Matthew weakens to tropical depression over Belize; all storm warnings discontinued

Saturday, September 25, 2010

Matthew weakens to tropical depression over Belize

MIAMI — Matthew has weakened to a tropical depression and is expected to dissipate in a day or two.

Forecasters at the U.S. National Hurricane Center in Miami say that the storm is still soaking Belize, however. And it’s expected to continue producing rain even after the tropical depression dissipates.

On Saturday afternoon, Matthew’s winds were at 35 mph (55 kph).

The governments of Belize and Honduras canceled all storm warnings after Matthew weakened.

In Honduras, Matthew toppled power lines and left thousands without power for hours. Forecasters warned that heavy rains threaten to cause flooding and mudslides in disaster-prone parts of several Central American nations.

THIS IS A BREAKING NEWS UPDATE. Check back soon for further information. AP’s earlier story is below.

TEGUCIGALPA, Honduras (AP) — Tropical Storm Matthew toppled power lines and left thousands without power for hours in Honduras, and forecasters warned that heavy rains threaten to cause flooding and mudslides in disaster-prone parts of several Central American nations.

There were no immediate reports of major damage Saturday, but thousands were evacuated. In Olanchito, near the northern coast, a creek overflowed and flooded a house but firefighters were able to rescue its 10 occupants.

The storm made landfall Friday on Nicaragua’s Caribbean coast and quickly crossed into Honduras where it was pushing westward with winds of 40 mph (65 kph) toward Guatemala and Belize. It was expected to weaken into a tropical depression on Sunday.

But the U.S. National Hurricane Center in Miami said Matthew could bring 6 to 10 inches (15 to 25 centimeters) of rain before it weakens, with the possibility of flash floods and mudslides. Some parts of Nicaragua already were coping with flooding due to earlier rains.

Nicaraguan authorities said they ordered the evacuation of 10,000 people.

In Honduras, authorities said they had evacuated 300 people from small communities in the Gracias a Dios province, on the border with Nicaragua. Lisandro Rosales, head of the country’s Contingencies Commission said a red alert had been extended from six provinces to the whole country.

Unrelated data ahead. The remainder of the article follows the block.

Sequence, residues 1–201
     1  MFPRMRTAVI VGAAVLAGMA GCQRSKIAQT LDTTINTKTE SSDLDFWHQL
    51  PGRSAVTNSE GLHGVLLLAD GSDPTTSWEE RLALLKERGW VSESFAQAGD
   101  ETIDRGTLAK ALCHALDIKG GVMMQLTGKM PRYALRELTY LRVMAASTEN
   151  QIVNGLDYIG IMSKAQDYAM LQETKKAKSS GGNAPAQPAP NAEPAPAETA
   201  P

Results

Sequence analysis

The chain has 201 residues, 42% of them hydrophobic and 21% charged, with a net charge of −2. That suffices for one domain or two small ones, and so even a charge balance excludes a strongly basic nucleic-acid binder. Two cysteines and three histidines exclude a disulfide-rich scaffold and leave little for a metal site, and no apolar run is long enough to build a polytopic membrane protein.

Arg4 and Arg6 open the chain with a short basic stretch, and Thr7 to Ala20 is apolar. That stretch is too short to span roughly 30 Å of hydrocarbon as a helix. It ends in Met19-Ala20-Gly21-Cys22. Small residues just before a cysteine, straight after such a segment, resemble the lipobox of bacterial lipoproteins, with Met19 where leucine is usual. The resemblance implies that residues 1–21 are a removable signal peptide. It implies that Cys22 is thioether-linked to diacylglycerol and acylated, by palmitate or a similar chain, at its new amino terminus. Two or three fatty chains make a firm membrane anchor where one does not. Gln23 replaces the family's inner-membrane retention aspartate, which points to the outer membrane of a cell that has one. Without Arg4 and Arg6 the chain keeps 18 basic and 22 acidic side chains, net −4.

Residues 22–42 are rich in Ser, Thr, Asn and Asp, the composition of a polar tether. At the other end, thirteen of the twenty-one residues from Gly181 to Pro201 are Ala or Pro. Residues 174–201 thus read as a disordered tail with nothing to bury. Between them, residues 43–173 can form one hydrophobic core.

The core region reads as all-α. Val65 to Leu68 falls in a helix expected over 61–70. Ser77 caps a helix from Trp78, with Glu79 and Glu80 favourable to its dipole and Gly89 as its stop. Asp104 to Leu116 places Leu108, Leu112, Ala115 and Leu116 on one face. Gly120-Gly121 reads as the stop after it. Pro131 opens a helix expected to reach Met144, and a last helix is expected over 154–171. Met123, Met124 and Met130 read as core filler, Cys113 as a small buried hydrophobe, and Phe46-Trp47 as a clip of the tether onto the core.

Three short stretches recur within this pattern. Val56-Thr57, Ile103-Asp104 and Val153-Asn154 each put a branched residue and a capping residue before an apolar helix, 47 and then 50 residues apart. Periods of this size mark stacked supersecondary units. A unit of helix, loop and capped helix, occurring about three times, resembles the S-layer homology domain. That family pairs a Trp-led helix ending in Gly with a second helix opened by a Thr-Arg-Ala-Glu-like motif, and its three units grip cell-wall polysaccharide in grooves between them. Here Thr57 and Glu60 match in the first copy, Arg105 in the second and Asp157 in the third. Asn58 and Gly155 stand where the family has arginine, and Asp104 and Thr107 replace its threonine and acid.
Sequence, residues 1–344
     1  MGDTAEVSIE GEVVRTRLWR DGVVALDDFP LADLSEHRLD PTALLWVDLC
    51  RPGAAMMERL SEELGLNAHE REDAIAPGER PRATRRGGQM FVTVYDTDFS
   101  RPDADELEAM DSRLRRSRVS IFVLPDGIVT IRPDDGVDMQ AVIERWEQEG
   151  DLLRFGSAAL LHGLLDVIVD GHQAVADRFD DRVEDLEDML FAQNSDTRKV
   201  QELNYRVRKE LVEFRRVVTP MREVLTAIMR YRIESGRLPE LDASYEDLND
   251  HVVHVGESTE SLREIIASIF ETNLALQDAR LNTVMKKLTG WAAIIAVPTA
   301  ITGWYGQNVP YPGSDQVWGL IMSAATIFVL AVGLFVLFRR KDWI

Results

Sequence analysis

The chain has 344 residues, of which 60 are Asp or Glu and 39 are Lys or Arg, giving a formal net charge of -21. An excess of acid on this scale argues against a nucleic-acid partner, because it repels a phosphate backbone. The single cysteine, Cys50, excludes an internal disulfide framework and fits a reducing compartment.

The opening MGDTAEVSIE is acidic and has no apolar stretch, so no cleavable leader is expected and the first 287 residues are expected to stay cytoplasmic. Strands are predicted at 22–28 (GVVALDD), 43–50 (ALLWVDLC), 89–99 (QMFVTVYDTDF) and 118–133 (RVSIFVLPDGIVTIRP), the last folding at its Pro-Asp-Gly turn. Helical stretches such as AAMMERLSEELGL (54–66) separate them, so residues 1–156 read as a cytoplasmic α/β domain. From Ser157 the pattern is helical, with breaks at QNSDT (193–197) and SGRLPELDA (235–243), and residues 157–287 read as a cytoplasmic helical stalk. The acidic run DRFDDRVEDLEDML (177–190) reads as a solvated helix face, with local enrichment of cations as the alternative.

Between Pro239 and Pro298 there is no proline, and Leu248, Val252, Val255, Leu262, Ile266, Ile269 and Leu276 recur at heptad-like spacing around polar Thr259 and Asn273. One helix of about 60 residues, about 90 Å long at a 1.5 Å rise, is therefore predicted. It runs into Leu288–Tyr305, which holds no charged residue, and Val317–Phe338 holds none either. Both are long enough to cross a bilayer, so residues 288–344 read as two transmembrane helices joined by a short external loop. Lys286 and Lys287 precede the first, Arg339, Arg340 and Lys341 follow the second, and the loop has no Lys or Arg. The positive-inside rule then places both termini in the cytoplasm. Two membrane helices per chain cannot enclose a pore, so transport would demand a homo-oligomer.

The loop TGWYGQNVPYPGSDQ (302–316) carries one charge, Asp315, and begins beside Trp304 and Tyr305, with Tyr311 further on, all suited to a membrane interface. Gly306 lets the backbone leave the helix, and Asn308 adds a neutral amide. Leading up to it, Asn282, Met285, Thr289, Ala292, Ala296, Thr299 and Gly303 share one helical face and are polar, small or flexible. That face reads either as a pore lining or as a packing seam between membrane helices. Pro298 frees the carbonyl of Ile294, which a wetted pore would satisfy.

“A lot of rivers have high levels because of soil saturation due to frequent rains since May,” said Randolfo Funez, operations director of the Contingencies Commission.

In the capital of Tegucigalpa, thousands of residents rushed to gas stations, supermarkets and banks after authorities recommended people stock up on food and other supplies and warned of three days of torrential rains.

Authorities said classes would be suspended until further notice and that 15,000 schools had been made available to be used as shelters.

A tropical storm warning also was in effect for the coast of Belize. Forecasters said the storm will reach the Guatemala-Belize border by Saturday night.

Nicaraguan President Daniel Ortega ordered the preventive measures and “all emergency structures are on alert,” Lt. Col. Freddy Herrera told The Associated Press by telephone. “We have evacuated people from the region of Cabo Gracias a Dios and the Miskito Cays” in the same region.

Flights into the area were suspended due to limited visibility, though the winds were moderate, the military said.

In Honduras, the government declared a state of preventive alert throughout the country and Defense Minister Marlon Pascua said the army was ready to help civil defense actions.

The defense minister said armed forces were ready, and the Red Cross reported 3,000 aid workers in place. Civil defense officials in El Salvador were taking precautions, including canceling classes in high-risk areas, and Costa Rican authorities also reported being on a high level of alert for increased precipitation in flood-risk zones along the central Pacific coast.

Meanwhile far out over the Atlantic, Hurricane Lisa weakened to a tropical storm and was drifting slowly north with maximum sustained winds near 70 mph (110 kph).

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